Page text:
4) Special Operations Support - Airlift units maybe at times are called to support special operations. This may require unique air land and airdrop support to special operations for joint training, contingencies, operations other than war, and other missions as directed by competent authority. Airlift used in support of special operations role provides commanders the capability to achieve objectives, which may not be attainable through more conventional airlift practices; and
5) Operational Support Airlift - Operational Support Airlift is a special classification of operations that allows for the movement of personnel and cargo during wartime, as well as peacetime conducted beyond the normal realms of military operations. These missions include among others humanitarian assistance, disaster relief, non-combatant evacuation, and support to other agencies of government.
The selection of appropriate tactics for an airlift mission is very much influenced by user requirements, destination characteristics, weather, terrain, threats, the availability of air and ground support assets, and a host of other factors. To the extent and in the detail necessary, higher headquarters should provide tactical guidance to the airlift mission commander during planning. Within these guidelines, commanders must develop mission tactics and coordinate them, as appropriate, to the chain of command and with other involved agencies or units.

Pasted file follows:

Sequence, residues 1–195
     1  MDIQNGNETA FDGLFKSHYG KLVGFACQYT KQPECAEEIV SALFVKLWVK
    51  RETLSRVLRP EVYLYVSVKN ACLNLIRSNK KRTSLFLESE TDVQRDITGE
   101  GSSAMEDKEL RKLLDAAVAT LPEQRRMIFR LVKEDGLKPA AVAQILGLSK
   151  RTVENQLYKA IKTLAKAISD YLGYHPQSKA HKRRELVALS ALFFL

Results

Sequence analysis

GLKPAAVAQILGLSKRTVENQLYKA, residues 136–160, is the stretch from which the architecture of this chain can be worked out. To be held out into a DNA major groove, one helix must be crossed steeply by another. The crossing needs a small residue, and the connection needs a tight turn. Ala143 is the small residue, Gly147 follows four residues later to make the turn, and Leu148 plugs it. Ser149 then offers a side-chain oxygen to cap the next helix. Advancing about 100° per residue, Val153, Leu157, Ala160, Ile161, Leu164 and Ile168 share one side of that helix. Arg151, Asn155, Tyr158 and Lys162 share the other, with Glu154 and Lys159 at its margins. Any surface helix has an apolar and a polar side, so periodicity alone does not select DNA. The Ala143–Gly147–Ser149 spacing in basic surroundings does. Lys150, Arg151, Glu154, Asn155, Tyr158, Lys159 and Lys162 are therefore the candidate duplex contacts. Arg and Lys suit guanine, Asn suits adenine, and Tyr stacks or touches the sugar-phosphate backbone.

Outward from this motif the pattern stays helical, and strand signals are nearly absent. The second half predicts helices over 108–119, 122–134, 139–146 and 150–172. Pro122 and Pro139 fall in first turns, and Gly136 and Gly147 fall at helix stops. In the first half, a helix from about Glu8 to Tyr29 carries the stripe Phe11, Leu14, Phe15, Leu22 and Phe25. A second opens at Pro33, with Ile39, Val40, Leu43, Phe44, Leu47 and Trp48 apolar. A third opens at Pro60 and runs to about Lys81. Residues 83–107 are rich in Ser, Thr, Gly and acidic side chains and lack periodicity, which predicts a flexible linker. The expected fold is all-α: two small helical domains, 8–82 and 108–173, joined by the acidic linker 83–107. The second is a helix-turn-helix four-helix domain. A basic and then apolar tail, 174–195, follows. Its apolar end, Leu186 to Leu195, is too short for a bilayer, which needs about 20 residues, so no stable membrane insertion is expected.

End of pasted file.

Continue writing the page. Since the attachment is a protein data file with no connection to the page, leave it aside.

B. Aircraft Maintenance - The Wing maintains three levels of maintenance to ensure that its air assets are always on full mission capable. The Organizational, Field, and Limited Depot are manned by highly skilled and technically proficient maintenance personnel. The maintenance group of the Wing coexists with the PAF primary maintenance unit to ensure that the best maintenance work is delivered.
1) Organizational Maintenance - Organizational Maintenance is a lowest form of maintenance that is preventive in nature. Its scope covers the 25-hr inspection, unscheduled replacement of minor parts, and other minor repairs. The three tactical units of the Wing namely the 221st, 222nd and 223rd Airlift Squadrons are capable of doing this type of maintenance to its respective aircraft operated. Using the “in-place method” of maintenance, each squadron can perform servicing and scheduled maintenance at deployment areas;
2) Field Maintenance - Field Maintenance is the second highest level of maintenance. This is also a preventive in nature but more extensive than organizational. Its scope covers from “Progressive Inspection Package” (PIP) or 100-hr inspection, scheduled replacement of aircraft Major Components, “Major Repair” and other repair that severely affects the airworthiness of the aircraft. The 470th Maintenance and Supply Group through its subordinates units performs this function; and
3) Limited Depot Maintenance - Limited Depot Maintenance is the highest level of Maintenance that 220th AW can handle. This type of Maintenance is restorative in nature. This includes restoration of Aircraft Engines, Propellers, APU Engines, aircraft structures, and appliances. The 471st FDMS and 472nd AMS under the 470th MSG are the unit in charge of this level of Maintenance.